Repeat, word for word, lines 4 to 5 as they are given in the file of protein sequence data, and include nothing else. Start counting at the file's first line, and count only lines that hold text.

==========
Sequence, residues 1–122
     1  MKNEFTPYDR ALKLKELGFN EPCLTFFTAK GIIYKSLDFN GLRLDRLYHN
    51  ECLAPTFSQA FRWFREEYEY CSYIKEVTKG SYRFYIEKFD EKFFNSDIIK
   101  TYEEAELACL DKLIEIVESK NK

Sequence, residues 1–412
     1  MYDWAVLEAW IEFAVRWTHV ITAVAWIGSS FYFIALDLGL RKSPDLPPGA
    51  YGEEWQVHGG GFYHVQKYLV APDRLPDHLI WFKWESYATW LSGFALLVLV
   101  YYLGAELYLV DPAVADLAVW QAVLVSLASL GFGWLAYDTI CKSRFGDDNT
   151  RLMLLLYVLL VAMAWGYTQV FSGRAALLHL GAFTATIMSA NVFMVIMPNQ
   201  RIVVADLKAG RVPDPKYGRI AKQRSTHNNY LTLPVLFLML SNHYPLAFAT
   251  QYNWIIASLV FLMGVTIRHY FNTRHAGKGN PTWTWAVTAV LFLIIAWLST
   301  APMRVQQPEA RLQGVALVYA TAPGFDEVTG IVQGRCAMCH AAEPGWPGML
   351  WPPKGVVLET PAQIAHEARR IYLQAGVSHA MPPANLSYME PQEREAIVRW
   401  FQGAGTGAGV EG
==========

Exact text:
   101  TYEEAELACL DKLIEIVESK NK

Sequence, residues 1–412